Hartford’s Downtown Revival: Iconic Office Tower Being Converted to Housing and Retail Using Historic Credits

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In Hartford, Conn., nicknamed the insurance capital of the world, work has begun on redeveloping a vacant, iconic 26-story office tower in the city’s central business district into housing, retail outlets, and parking.

Going by the name 777 Main Street, the venture is being undertaken by Becker + Becker Associates, a Fairfield, Conn.-based real estate development, planning, and architectural firm that is the project developer and architect.

When completed, the renovated historic skyscraper will contain 286 market-rate and affordable apartments, six ground floor retail shops, a full floor of resident amenities (gym, club room, library), and a 250-car parking garage.

Major funding elements for the $80 million project are $19 million in equity generated by federal and state historic rehabilitation tax credits and a $37.2 million Section 221(d)(4) first mortgage insured by the U.S. Department of Housing and Urban Development (HUD) that was originated by Walker & Dunlop. State and regional authorities also provided capital.

The project’s design is intended to achieve LEED Silver certification for the building and incorporates a hydrogen fuel cell to power the site. The fuel cell enabled the development to qualify for low emissions renewable energy tax credits (LRECs) that have generated part of the financing. According to Walker & Dunlop, the transaction marks the first time that HUD has agreed to recognize LRECs in its FHA mortgage insurance program.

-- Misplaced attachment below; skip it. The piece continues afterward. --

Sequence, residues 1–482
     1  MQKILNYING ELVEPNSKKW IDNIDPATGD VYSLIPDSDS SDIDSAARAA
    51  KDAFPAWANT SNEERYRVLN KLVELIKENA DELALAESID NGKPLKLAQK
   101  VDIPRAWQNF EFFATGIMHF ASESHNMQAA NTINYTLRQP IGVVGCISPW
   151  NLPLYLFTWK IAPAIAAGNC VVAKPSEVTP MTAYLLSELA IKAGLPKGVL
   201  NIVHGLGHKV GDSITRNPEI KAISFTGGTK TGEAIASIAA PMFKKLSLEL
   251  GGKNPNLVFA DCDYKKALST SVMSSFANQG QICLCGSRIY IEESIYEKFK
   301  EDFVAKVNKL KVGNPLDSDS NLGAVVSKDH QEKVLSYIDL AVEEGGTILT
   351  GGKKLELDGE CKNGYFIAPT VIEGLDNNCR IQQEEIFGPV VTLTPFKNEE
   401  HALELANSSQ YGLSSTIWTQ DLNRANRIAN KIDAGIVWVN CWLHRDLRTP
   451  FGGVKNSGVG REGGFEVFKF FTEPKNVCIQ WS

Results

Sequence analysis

The glass-covered office building, listed on the National Register of Historic Places, was designed by Welton Becket, a mid-20th century Los Angeles architect whose portfolio also includes the Los Angeles Performing Art Center, the Capital Records building in Hollywood, and the Beverly Hilton Hotel.

The 400,000-square-foot building, constructed in 1967 and the city’s second tallest at the time, was originally the headquarters for Hartford National Bank & Trust. Over the following decades, though, the property mirrored the tremors and consolidation that swept through the American banking system and was occupied at various times by Shawmut Bank, Fleet Bank, and finally Bank of America. The latter moved out in 2011 to a newer building a block away, leaving 777 Main Street vacant. New York-based Grunberg Realty sold the property for $7 million to a Becker + Becker Associates entity for the new project.

The new development will help to achieve two objectives of local and state officials: reducing the downtown Hartford office vacancy rate, which has been 30%, and creating additional housing units in the central business district. Gov. Dannel P. Malloy has been a big advocate for affordable housing in Connecticut, most recently pledging a large sum of additional state funding for this purpose.

In the past two years, the Capital Region Development Authority has agreed to provide low-interest loans and equity investments to help finance a handful of downtown Hartford apartment projects, including several converting commercial properties to residential use.

In mid-January, in addressing an annual local business breakfast, Hartford Mayor Pedro Segarra said, “The next time I talk to you…several downtown buildings will have converted to housing, families will be living at 777 Main Street, and the revitalization of downtown north will have begun.”